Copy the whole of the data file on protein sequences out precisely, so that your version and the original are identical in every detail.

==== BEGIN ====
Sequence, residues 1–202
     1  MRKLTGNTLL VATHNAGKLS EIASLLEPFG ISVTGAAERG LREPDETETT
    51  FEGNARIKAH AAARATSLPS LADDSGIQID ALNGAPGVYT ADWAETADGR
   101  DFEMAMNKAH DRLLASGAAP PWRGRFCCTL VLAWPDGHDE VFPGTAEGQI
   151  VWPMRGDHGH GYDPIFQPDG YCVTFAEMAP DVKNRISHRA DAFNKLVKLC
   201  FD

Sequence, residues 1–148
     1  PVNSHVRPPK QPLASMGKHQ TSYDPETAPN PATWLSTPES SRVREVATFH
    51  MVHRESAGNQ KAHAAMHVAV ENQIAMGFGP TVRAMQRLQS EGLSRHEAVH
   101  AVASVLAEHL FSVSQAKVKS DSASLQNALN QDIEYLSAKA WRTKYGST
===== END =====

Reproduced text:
Sequence, residues 1–202
     1  MRKLTGNTLL VATHNAGKLS EIASLLEPFG ISVTGAAERG LREPDETETT
    51  FEGNARIKAH AAARATSLPS LADDSGIQID ALNGAPGVYT ADWAETADGR
   101  DFEMAMNKAH DRLLASGAAP PWRGRFCCTL VLAWPDGHDE VFPGTAEGQI
   151  VWPMRGDHGH GYDPIFQPDG YCVTFAEMAP DVKNRISHRA DAFNKLVKLC
   201  FD

Sequence, residues 1–148
     1  PVNSHVRPPK QPLASMGKHQ TSYDPETAPN PATWLSTPES SRVREVATFH
    51  MVHRESAGNQ KAHAAMHVAV ENQIAMGFGP TVRAMQRLQS EGLSRHEAVH
   101  AVASVLAEHL FSVSQAKVKS DSASLQNALN QDIEYLSAKA WRTKYGST